There and back again: A circuit extraction tale

Miriam Backens1, Hector Miller-Bakewell2, Giovanni de Felice2, Leo Lobski3, and John van de Wetering4

1University of Birmingham
2University of Oxford
3ILLC, University of Amsterdam (until 2020)
4Radboud University Nijmegen

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Translations between the quantum circuit model and the measurement-based one-way model are useful for verification and optimisation of quantum computations. They make crucial use of a property known as gflow. While gflow is defined for one-way computations allowing measurements in three different planes of the Bloch sphere, most research so far has focused on computations containing only measurements in the XY-plane. Here, we give the first circuit-extraction algorithm to work for one-way computations containing measurements in all three planes and having gflow. The algorithm is efficient and the resulting circuits do not contain ancillae. One-way computations are represented using the ZX-calculus, hence the algorithm also represents the most general known procedure for extracting circuits from ZX-diagrams. In developing this algorithm, we generalise several concepts and results previously known for computations containing only XY-plane measurements. We bring together several known rewrite rules for measurement patterns and formalise them in a unified notation using the ZX-calculus. These rules are used to simplify measurement patterns by reducing the number of qubits while preserving both the semantics and the existence of gflow. The results can be applied to circuit optimisation by translating circuits to patterns and back again.

The components of any classical computer, at their most basic level, can be described using the formalism of logic gates. Any computable mathematical function can be expressed as a circuit built from logic gates. Similarly we can build circuits for quantum computers from quantum gates. Yet there is also a second way of performing quantum computation with no equivalent in the classical world. It uses the property that quantum measurements — unlike classical measurements — can change the state being measured. In this measurement-based quantum computation model, a fixed resource state of many qubits, called a graph state, is prepared at the beginning. Then the computation proceeds not via gates, but via measurements on individual qubits.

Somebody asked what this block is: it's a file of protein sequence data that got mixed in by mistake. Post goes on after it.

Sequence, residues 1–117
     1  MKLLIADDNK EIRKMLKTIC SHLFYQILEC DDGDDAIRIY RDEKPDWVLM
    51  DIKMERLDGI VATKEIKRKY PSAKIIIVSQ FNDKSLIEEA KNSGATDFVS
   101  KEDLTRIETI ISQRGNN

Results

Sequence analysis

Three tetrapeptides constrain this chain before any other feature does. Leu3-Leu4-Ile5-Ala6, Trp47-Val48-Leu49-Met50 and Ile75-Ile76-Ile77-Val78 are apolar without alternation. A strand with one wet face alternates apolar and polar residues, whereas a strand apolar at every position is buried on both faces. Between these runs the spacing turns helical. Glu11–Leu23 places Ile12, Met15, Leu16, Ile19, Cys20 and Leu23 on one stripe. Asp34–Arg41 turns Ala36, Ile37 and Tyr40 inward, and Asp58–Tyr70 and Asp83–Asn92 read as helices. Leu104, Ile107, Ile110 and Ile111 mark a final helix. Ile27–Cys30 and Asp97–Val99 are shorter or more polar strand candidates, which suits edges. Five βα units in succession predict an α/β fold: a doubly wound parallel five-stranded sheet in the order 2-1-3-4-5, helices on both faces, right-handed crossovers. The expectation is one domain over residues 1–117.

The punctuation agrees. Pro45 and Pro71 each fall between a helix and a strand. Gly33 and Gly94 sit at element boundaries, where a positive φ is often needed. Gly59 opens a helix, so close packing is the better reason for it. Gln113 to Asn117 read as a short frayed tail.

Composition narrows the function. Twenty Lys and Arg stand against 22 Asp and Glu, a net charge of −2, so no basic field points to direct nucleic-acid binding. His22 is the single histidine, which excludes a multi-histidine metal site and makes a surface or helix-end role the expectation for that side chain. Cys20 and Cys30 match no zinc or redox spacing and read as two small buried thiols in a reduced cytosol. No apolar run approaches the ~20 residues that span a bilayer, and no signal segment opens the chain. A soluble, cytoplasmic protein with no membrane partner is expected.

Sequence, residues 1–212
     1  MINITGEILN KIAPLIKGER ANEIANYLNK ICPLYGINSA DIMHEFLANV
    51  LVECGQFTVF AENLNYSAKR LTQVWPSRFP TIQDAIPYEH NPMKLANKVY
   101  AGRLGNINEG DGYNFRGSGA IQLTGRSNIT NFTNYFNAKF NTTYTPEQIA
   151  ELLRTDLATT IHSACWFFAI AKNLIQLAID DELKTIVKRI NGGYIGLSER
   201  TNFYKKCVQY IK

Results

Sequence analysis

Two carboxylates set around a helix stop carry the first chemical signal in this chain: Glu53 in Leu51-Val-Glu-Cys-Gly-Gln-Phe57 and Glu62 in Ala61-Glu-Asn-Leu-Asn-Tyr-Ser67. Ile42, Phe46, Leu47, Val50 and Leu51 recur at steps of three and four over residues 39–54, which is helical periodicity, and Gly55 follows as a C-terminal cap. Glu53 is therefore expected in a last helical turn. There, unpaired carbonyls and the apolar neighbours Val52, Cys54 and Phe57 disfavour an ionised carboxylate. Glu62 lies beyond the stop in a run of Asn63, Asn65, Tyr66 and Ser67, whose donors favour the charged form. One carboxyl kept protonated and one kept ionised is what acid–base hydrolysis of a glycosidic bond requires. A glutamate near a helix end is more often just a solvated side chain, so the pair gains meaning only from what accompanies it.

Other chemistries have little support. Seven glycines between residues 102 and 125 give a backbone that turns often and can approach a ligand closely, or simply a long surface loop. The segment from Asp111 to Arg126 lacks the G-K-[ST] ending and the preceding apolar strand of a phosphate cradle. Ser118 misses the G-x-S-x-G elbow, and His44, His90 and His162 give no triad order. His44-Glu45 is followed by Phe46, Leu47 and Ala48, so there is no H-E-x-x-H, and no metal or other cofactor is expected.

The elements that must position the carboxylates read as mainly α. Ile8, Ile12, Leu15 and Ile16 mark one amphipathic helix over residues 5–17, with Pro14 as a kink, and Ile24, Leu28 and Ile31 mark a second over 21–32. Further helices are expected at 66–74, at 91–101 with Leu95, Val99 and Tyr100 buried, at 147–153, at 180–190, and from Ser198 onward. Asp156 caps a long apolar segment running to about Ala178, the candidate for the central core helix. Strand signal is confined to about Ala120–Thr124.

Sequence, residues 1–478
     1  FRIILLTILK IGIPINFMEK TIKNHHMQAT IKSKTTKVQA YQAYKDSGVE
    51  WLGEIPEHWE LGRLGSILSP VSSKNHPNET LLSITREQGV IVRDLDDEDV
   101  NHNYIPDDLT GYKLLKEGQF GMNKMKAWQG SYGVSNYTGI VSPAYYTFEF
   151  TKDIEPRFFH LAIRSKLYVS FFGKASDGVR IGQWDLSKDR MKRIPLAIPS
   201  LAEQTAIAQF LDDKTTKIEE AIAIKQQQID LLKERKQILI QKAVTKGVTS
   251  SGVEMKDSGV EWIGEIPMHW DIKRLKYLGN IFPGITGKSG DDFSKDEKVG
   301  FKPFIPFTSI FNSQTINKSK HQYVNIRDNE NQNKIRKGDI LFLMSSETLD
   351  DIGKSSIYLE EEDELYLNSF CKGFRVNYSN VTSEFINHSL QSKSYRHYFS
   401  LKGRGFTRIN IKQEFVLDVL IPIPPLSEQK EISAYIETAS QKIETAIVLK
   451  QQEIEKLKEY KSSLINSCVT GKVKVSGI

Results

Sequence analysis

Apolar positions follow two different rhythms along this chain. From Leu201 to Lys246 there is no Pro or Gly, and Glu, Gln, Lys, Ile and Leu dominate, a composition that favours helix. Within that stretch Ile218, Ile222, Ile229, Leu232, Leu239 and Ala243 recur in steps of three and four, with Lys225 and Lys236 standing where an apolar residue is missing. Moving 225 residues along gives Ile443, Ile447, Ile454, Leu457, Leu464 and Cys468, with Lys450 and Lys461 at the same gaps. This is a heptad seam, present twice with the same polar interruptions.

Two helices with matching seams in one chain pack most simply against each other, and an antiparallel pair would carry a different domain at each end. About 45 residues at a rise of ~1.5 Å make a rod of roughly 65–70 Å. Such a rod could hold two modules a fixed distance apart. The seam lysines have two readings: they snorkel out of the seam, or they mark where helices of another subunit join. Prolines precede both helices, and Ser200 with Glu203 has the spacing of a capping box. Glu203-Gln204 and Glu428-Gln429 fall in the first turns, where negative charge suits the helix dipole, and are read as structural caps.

Translations between these two models are useful for optimisation (e.g. time taken or number of gates used) and for verification (i.e. confirming that the computation does indeed perform the desired procedure). While it is easy to translate from circuits to measurement-based computations, previous algorithms for translating measurement-based computations into circuits did not work in all cases.

In this work we give the first translation algorithm that works for all measurement-based computations with a property called extended gflow, which encompasses all the computations that are usually studied. We then use the algorithm to optimise quantum circuits by translating them into the measurement-based model and back. The translations are performed using the ZX-calculus, a graphical language that can express both quantum circuits and measurement-based computations.

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Cited by

[1] Aleks Kissinger and John van de Wetering, "Reducing the number of non-Clifford gates in quantum circuits", Physical Review A 102 2, 022406 (2020).

[2] Louis Lemonnier, John van de Wetering, and Aleks Kissinger, "Hypergraph simplification: Linking the path-sum approach to the ZH-calculus", arXiv:2003.13564.

[3] Chen Zhao and Xiao-Shan Gao, "Analyzing the barren plateau phenomenon in training quantum neural network with the ZX-calculus", arXiv:2102.01828.

[4] Richard D. P. East, John van de Wetering, Nicholas Chancellor, and Adolfo G. Grushin, "AKLT-states as ZX-diagrams: diagrammatic reasoning for quantum states", arXiv:2012.01219.

[5] Alexis Toumi, Richie Yeung, and Giovanni de Felice, "Diagrammatic Differentiation for Quantum Machine Learning", arXiv:2103.07960.

[6] John van de Wetering, "Quantum Theory from Principles, Quantum Software from Diagrams", arXiv:2101.03608.

[7] Miriam Backens, Aleks Kissinger, Hector Miller-Bakewell, John van de Wetering, and Sal Wolffs, "Completeness of the ZH-calculus", arXiv:2103.06610.

[8] Bob Coecke, Dominic Horsman, Aleks Kissinger, and Quanlong Wang, "Kindergarden quantum mechanics graduates (...or how I learned to stop gluing LEGO together and love the ZX-calculus)", arXiv:2102.10984.

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